Thursday, February 08, 2007

It's Better To Burn Out....

I'm listening to The Smiths' debut album as I write this post. The band's stock is currently at its highest since they split almost 20 years ago, yet only a decade ago they had slipped so far from the cultural radar that it seemed as though no-one appreciated their contribution to British musical history.

Even the patronage of Noel Gallagher at Oasis' commercial peak did little to bolster The Smiths' reputation. But now, with Morrissey performing his former band's songs on sold-out tours, it seems as though everyone is a fan.

Inevitably, this has led to calls for the band to reform. Given that Morrissey and Johnny Marr were sued by Mike Joyce and Andy Rourke only a few years ago, a reconciliation seems unlikely.

In truth, I'd rather that The Smiths didn't reform. They were a band of their time, and their musical legacy is strong. To attempt to recapture that feeling would probably have a detrimental effect.

The same rule applies to most bands: never go back. Though both Mani and John Squire have said that they are in favour of reforming The Stone Roses, Ian Brown has wisely rejected the idea at every opportunity.

To me, The Stone Roses were the one of the greatest bands ever, behind only The Beatles. Their self-titled debut, released when I was only nine, is the best album in musical history. By the time of their second, John Squire's cocaine use had changed the Roses' sound from rich psychedelia to thunderous blues rock. It wasn't a change for the better, and essentially tore the band apart.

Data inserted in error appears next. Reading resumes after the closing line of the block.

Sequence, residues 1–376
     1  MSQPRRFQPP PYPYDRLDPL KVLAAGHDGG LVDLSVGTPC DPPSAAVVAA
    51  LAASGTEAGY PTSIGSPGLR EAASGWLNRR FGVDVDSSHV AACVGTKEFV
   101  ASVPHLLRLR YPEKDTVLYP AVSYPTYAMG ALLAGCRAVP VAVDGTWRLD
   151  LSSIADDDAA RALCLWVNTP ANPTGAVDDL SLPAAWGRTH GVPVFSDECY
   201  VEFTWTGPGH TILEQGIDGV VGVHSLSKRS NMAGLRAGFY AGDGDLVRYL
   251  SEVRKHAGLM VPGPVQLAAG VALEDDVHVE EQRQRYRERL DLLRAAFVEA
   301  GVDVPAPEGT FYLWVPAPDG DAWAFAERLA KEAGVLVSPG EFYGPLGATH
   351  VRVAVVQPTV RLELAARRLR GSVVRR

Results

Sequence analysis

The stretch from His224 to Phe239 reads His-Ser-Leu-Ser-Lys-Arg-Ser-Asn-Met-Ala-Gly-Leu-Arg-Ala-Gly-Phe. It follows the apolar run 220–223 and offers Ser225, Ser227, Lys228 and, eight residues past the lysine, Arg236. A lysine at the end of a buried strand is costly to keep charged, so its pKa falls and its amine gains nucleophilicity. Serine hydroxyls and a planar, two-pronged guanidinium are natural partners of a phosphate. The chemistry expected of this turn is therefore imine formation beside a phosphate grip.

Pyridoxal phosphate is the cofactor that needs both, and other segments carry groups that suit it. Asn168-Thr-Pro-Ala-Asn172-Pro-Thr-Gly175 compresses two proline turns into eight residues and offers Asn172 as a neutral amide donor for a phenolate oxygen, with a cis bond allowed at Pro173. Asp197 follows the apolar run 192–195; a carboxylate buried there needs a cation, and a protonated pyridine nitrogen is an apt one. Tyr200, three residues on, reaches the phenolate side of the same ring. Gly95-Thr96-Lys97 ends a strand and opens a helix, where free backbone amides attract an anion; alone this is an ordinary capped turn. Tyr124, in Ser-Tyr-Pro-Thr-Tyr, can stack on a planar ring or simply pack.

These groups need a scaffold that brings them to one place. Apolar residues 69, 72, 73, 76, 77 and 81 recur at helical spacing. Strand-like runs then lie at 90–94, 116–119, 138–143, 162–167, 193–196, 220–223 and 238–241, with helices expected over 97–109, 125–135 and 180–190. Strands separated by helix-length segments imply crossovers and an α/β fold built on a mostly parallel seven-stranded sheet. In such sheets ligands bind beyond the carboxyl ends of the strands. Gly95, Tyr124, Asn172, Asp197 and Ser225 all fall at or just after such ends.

That Squire and Brown haven't spoken since the former quit the band in 1996 speaks volumes. Don't get me wrong - if they do reform and announce that they're going on tour, I'll be first in the line for tickets.

But I think it's better to leave their legacy intact and unsullied by a cash-fuelled reunion in middle age. The Beatles never reformed, neither did The Clash. Does anyone really think that recent performances by Queen or The Doors are the same as seeing the real thing?

Hopefully The Smiths and The Stone Roses will have the good grace to see out their retirement without feeling the need to patch up their differences for unnecessary reunions.


Erica said...

"...They were a band of their time..."

So totally true. When I hear "Reel Around The Fountain," I like imagining that I am listening to "Strangeways" on my Walkman (a tape player! *gasp* In this age of Pod People!) in between classes in high school in 1991.

It just ain't right otherwise.

Groanin' Jock said...

I'm with you on that one Erica - I had "The Queen Is Dead" and "Meat Is Murder" on tape, both bought for 50p in second-hand shops! No-one else I knew liked The Smiths, but I listened to them as I walked to high school.